ExxonMobil removed the Ackerman case, but not a case involving almost all the same plaintiffs. The district court concluded extraordinary circumstances existed and abstained under the Colorado River doctrine. ExxonMobil only appealed the threshold determination of whether two parallel actions existed. The panel, with one judge concurring only in result, affirmed. The majority held that 28 USC 1446 only applies to the case which is removed. Because there was another case in state court which was amended to state almost the same claims and parties, there were two parallel cases. The fact that an injunction could have been issued does not void the amendment and in any event the district court announced it would not have issued an injunction. The concurrence argued the district court committed multiple errors including erroneously finding the plaintiffs did not act fraudulently in filing the amendment in the retained state court, failed to recognize that it had authority to enjoined the retained state case and failed to recognize that Public Law 109-58 section 1502 allows removal of claims involving MTBE (which is the underlying cause of action here). However, because issuing the 1446 injunction is highly discretionary, the judge concurred as he was uncomfortable ordering the district court to issue the injunction.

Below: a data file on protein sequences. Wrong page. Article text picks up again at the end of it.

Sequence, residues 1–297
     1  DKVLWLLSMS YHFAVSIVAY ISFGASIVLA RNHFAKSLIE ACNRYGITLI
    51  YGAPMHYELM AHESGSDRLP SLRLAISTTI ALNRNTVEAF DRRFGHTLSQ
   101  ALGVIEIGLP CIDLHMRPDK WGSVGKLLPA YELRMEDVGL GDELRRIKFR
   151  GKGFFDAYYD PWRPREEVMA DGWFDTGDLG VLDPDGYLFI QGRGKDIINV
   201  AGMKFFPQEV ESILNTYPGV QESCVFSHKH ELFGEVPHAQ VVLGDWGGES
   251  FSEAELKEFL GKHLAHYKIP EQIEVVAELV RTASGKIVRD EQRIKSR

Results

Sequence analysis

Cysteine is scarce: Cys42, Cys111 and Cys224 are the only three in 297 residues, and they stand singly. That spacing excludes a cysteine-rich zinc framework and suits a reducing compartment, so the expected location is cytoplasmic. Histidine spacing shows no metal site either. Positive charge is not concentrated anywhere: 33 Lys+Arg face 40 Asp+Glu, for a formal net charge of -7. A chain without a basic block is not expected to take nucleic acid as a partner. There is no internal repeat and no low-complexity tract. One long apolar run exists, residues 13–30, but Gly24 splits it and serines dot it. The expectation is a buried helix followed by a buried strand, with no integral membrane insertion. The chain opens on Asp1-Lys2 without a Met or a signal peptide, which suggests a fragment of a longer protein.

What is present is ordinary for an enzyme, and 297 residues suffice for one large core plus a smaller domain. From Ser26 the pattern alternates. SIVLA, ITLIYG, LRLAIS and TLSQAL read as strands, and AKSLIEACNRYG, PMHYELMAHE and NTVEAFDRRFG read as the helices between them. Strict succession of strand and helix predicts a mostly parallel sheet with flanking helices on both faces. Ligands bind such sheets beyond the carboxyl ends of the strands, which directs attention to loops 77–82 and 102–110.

Santos was arrested on a civil immigration warrant by sheriff’s deputies not authorized to enforce federal immigration awl. She sued under 42 USC 1983. The district court granted summary judgment to all defendants. The panel affirmed in part and reversed and remanded in part. The panel held that the initial encounter was not a seizure as the officers were on routine patrol, went into a public area, stayed at least 6 feet back and did not use threatening or officious tones. The panel held that Santos was seized when the officers waved her to stay on the ground as a reasonable person would understand he or she was not free to leave. The panel held consistent with other federal courts to consider the matter, that absent federal permission, local police may not arrest or detain individual based on known or suspected civil violations of immigration law. It reasoned this rule serves the two policies of respecting congressional choice to not criminalize mere illegal presence and the Attorney general’s discretion in enforcing immigration laws. Here, the deputies violated the 4th Amendment by seizing Santos without permission or direction of the federal government at the time of the seizure as no agent of the federal government directed them to detain Santos. The deputies were also aware that the warrant was for deportation which is per se civil not criminal in nature. However, the right to be free from this violation was not clearly established at the time of the incident as the United States Supreme Court had not ruled on the issue at the time, the 4th Circuit had not recognized the right at the time of the incident and there was a split of authority in other circuits. The panel reversed as to the County and other municipal defendants as qualified immunity does not apply to them and remanded for analysis of the claims against them.